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San Francisco lawmaker calls for audit of city’s biggest drug treatment nonprofit

Supervisors Catherine Stefani speaks in support of a resolution called “San Francisco Recovers” on Sept. 6, 2022. | Paul Kuroda for The Standard

A San Francisco supervisor is calling for an audit of the city’s largest addiction treatment nonprofit after word leaked that a staffing shortage forced the organization’s detox program to pause intakes last week.

HealthRight 360 temporarily paused intakes to its withdrawal management program due to a reported Covid outbreak on Thursday, infuriating Supervisor Catherine Stefani, who called for an immediate audit at Tuesday’s Board of Supervisors meeting. 

Stefani asked the San Francisco Controller’s Office to investigate HealthRight 360’s ability to adequately staff its withdrawal management program, which has 48 beds funded through a $37 million-a-year city contract.

HealthRight 360 is the largest drug treatment provider in San Francisco and is slated to receive more than $200 million from the city this fiscal year, according to a city database. 

“This is not to cast aspersions on anyone, but I am truly concerned that we are paying for a service that they’re not able to provide,” Stefani said at Tuesday’s hearing.

Withdrawal management programs, otherwise known as drug detoxes, are often the first step for people trying to recover from addiction. 

HealthRight 360 took over several contracts for two conjoined nonprofits called Baker Places and Positive Resource Center, which both fell into fiscal disarray last year and asked the city for two consecutive multimillion-dollar bailouts. The fallout of the organizations shed light on City Hall’s reliance on nonprofits to address its most pressing crises.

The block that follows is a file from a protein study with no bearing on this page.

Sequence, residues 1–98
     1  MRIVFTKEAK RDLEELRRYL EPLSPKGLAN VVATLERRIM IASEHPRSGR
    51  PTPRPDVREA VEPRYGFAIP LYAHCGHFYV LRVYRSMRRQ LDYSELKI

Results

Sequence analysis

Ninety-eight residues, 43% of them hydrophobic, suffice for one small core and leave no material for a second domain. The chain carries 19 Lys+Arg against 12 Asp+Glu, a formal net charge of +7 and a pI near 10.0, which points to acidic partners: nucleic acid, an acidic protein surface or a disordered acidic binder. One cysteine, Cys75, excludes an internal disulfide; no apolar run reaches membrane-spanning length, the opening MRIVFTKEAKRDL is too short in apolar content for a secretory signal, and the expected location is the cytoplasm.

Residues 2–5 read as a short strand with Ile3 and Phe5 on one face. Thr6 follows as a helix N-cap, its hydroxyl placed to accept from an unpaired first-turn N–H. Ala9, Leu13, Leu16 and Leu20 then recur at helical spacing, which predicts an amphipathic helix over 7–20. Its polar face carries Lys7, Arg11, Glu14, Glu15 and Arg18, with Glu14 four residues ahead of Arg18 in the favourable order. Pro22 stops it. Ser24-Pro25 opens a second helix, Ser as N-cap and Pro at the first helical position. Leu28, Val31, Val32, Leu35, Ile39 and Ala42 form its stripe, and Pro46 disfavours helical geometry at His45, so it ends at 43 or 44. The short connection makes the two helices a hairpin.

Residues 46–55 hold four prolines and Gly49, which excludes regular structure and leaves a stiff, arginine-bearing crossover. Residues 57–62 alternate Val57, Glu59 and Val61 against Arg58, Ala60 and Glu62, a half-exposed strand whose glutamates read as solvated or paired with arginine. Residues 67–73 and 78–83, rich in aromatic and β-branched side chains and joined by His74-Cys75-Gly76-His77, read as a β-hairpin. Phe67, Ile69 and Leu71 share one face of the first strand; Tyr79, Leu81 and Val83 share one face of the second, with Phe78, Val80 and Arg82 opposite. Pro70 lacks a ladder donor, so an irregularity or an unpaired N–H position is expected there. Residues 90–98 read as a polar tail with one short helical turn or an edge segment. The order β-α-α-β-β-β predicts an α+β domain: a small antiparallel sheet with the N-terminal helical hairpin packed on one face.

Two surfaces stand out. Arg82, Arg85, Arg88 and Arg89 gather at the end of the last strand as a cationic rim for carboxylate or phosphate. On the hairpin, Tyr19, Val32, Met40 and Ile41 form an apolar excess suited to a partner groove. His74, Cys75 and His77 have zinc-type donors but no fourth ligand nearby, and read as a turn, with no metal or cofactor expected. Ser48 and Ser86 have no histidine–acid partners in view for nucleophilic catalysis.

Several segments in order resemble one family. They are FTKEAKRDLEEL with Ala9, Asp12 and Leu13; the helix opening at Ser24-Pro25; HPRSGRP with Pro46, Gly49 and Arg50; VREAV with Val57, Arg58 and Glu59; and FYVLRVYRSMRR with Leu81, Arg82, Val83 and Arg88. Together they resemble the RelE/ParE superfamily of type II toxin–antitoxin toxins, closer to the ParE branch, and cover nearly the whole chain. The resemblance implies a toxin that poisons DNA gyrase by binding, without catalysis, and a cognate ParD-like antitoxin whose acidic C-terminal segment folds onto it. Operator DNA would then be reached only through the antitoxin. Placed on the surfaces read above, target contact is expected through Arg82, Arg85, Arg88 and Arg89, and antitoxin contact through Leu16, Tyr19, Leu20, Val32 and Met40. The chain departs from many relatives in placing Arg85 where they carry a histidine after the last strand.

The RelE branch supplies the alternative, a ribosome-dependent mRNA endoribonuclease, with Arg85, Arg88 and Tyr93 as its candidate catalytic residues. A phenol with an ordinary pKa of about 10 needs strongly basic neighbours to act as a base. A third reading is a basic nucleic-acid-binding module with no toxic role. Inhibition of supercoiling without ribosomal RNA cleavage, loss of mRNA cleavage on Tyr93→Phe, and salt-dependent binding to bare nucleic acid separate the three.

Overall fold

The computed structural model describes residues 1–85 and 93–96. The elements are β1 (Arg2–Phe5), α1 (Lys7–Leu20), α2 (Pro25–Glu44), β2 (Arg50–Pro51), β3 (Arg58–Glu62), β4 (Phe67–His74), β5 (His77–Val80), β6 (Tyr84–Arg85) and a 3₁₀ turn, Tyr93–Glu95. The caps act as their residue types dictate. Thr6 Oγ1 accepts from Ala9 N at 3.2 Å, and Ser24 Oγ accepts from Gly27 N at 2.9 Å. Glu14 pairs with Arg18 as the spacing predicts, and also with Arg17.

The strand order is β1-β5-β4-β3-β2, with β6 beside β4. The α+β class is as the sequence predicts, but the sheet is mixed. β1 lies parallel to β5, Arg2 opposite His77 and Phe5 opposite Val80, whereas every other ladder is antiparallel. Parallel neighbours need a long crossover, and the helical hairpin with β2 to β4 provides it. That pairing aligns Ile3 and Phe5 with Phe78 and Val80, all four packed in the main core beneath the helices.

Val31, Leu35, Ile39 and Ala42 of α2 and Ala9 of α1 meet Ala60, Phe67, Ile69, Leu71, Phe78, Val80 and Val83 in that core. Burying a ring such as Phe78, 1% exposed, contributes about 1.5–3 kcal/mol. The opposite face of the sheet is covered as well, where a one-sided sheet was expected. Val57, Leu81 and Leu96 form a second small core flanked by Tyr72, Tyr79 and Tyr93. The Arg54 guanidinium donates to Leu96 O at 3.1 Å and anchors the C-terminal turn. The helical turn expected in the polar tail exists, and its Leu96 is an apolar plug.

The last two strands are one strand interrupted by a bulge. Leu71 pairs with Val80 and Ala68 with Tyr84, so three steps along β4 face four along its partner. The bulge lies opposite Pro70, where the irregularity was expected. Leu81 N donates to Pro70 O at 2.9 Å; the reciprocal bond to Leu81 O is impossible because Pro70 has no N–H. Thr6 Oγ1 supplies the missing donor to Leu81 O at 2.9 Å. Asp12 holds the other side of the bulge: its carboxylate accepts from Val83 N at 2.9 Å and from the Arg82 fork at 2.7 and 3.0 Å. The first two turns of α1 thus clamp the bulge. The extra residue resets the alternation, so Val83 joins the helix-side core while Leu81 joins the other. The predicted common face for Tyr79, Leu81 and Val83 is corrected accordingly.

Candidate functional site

Stefani said she hopes the audit will serve as a preventative measure to ensure that a similar fate doesn’t befall HealthRight 360. 

At least three HealthRight 360 workers took Aug. 31 off to open a pop-up safe consumption site in the Tenderloin. A spokesperson for the nonprofit denied that staff participation at the site contributed to the staffing shortage at the detox facility. They said nobody at the site was certified to perform intake to drug detox. 

“Every staff member possessing the required credentials was either positive with COVID-19 or had pre-scheduled time off,” the organization’s statement read.

The rogue safe-consumption site was an act of civil disobedience, as Supervisor Hillary Ronen called it, intended to draw attention to the need for overdose prevention sites in the city. Over a three-hour span, volunteers at the pop-up site—which consisted of two tents and a table offering harm-reduction supplies—said they reversed two overdoses. 

“This isn’t nefarious: all we’re trying to do is make sure nobody dies,” Ronen, who visited the site, said at Tuesday’s hearing, where she introduced a resolution urging fellow supervisors to commit to opening safe-consumption sites.

The city operated a safe-consumption site called the Tenderloin Center, which HealthRight 360 helped staff, for roughly 11 months last year and reversed 333 overdoses. 

That site ultimately closed amid concerns about its impact on the community, hefty price tag and failure to connect many clients to addiction treatment. Plans to implement replacement sites called “wellness hubs” have hit a standstill over legal concerns.  

In a statement, HealthRight 360 said staffing challenges aren’t exclusive to its programs and that the issue could be resolved with more funding.

“We have been sounding the alarm on staffing challenges for well over two years now,” the statement said. “If you can’t fully staff a program, then a bed is just a bed—it’s just a piece of furniture.”

A nationwide shortage of behavioral health workers is hampering the local response to a worsening overdose crisis. The city is on pace to record a historic number of overdose deaths this year, counting 473 lives lost to drugs in the first seven months of this year. 

“I admire the passion in terms of wanting to save people's lives,” Stefani said. “But … in terms of someone coming to a point where they have to detox from the drug, we have to be there for them as well.”

David Sjostedt can be reached at